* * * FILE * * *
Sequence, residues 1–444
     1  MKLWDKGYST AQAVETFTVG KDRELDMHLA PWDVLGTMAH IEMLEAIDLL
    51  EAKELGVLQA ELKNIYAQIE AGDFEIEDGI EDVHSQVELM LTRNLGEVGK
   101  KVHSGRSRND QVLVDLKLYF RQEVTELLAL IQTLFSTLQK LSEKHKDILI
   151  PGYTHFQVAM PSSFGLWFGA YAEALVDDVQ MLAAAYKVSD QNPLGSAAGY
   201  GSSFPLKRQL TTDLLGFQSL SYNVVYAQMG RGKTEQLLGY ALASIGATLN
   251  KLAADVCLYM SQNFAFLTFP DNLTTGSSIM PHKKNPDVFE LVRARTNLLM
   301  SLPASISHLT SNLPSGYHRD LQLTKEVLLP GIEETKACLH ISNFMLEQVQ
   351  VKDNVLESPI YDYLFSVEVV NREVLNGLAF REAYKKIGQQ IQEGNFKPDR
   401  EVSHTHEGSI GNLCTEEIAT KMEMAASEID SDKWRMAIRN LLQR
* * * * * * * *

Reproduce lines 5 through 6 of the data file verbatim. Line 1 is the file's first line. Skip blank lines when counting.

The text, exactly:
   151  PGYTHFQVAM PSSFGLWFGA YAEALVDDVQ MLAAAYKVSD QNPLGSAAGY
   201  GSSFPLKRQL TTDLLGFQSL SYNVVYAQMG RGKTEQLLGY ALASIGATLN